“One of the great disappointments in this campaign is that Alabama is not really getting choices between substance and substance,” Jones said. “They’re getting a choice between substance and leadership, and nothing — nothing. We have not heard anything from Tommy Tuberville about what he really wants to do.”
While Jones has held numerous interviews with the media, and regular web briefings over the summer and in recent weeks, Tuberville’s campaign seems to prefer the safety of keeping Tuberville from making possible gaffs or damaging statements in interviews.
Tuberville hasn’t agreed to interviews with traditional media outlets, or to debate Jones, and instead has focused on conservative talk radio spots, speaking to smaller Republican groups and at private parties.
Tuberville’s campaign has ignored or denied our numerous attempts to interview Tuberville, including another request on Friday. He also declined to attend a student forum held at Auburn University on Wednesday, which Jones attended. The forum was sponsored by the Auburn College Republicans and College Democrats.
“If you ever hear something Tommy Tuberville says, it is just simply this: ‘Build a wall. No amnesty. Drain the swamp.’ That ain’t him. That’s Donald Trump,” Jones said. “He cannot think for himself. He doesn’t think for himself.”
Jones spoke of his record of working to help veterans through legislation. And he referred to Tuberville’s nonprofit for veterans and reporting that indicates, through tax records, that less than a third of the money raised for Tuberville’s charity went to help veterans.
“I don’t just create charities and send only pennies on the dollar. I do things for the veterans of this state and this country,” Jones said.
Jones also made a case for Alabamians to remember the contributions past Democrats made in the state. Jones said it was Democratic Sen. John Sparkman who helped build Alabama’s Redstone Arsenal.
“It was a Democrat, Lester Hill, who built the rural hospitals around here that Donald Trump and Mitch McConnell and Tommy Tuberville are trying to destroy,” Jones said. “It was Howell Heflin who built up agriculture in this state. Those are the Democrats. It was Franklin Rosevelt that put electricity in this state. We’re going to do the same thing for broadband. People forget those things. They forget those things because we’ve let other people define us with lies.”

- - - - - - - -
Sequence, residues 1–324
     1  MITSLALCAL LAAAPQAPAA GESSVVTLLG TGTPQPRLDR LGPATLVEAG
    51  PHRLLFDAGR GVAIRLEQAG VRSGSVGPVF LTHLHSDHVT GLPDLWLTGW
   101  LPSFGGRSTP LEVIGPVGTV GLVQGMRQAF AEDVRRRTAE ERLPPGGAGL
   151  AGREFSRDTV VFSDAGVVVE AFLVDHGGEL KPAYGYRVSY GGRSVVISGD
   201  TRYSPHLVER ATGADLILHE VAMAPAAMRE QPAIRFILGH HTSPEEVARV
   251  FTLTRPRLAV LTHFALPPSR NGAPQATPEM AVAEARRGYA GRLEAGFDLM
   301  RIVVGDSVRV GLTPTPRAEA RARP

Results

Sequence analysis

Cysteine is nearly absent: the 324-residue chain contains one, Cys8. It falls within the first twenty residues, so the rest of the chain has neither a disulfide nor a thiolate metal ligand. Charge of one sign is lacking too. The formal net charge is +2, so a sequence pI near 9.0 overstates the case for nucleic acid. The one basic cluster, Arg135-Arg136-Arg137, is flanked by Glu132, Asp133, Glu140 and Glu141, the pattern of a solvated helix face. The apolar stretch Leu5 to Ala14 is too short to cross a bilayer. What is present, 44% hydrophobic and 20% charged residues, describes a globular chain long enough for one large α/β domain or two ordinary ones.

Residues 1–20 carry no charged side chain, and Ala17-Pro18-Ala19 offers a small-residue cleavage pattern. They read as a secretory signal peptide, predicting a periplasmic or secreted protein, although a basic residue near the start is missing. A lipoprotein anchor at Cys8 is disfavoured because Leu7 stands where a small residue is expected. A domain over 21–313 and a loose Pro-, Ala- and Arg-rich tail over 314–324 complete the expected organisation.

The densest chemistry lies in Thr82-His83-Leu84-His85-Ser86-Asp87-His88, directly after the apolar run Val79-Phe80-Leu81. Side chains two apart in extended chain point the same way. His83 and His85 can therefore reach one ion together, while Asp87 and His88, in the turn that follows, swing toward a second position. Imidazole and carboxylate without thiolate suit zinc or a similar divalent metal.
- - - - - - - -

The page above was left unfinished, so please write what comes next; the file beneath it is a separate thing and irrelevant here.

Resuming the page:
Jones plans to visit Jefferson County on Saturday, then on to the Black Belt and Mobile on Sunday with another stop in Birmingham on Monday afternoon.
“The goal is to get everybody out. That’s the thing if we want to continue to ensure Alabama moves forward — moves forward and not backwards, to continue to have somebody, if I do say so myself, somebody that’s just not going to damn embarrass us,” Jones said.
“We’ve had too much of that in Alabama,” Jones said, “and I bet you it won’t be a year that Tommy Tuberville would be an embarrassment to this state because he doesn’t know the issues. He doesn’t know what to do, and he’s dang sure not going to know what to do when Donald Trump is not president of the United States.”
Jones encouraged supporters to be skeptical of recent polling. One such recent poll, by Auburn University at Montgomery, puts Tuberville ahead of Jones by 12 percentage points, 54 to 42.1. An internal poll by Tuberville’s campaign puts Tuberville ahead by 15 percentage points, while an internal poll from the Jones camp put Jones ahead by one percentage point.
“Don’t listen to these polling folks that come in, and they don’t know Alabama, and they don’t know what they’re doing. We’re tracking this race, and I can tell you, everything has been moving in our direction the last two months,” Jones said.
People standing along roadsides holding his signs and showing support, Jones said, is “the energy we’ve got out there. That’s what you can’t poll.”
Ellen Bass of Anniston, standing outside the Calhoun County Democratic Party headquarters just after Jones spoke, told APR that she has numerous Republican friends who are voting for Jones.
“My hat’s off to them because they’re coming out,” Bass said. “They recognize that he is a better candidate.”
Ciara Smith, 21, newly elected to the Anniston City Council, told APR outside the headquarters building that Jones is the better candidate.
“I think that he’s educated. I think that he speaks with passion and heart,” Smith said. “And he knows what he’s talking about, which is important, and which is more than we can say about the other candidate.”
Speaking to APR after his speech to supporters, Jones said that he feels very good about the state of his campaign.
“Everything we’re seeing is moving in our direction,” Jones said. “And the more he stays hidden, the better it is for us.”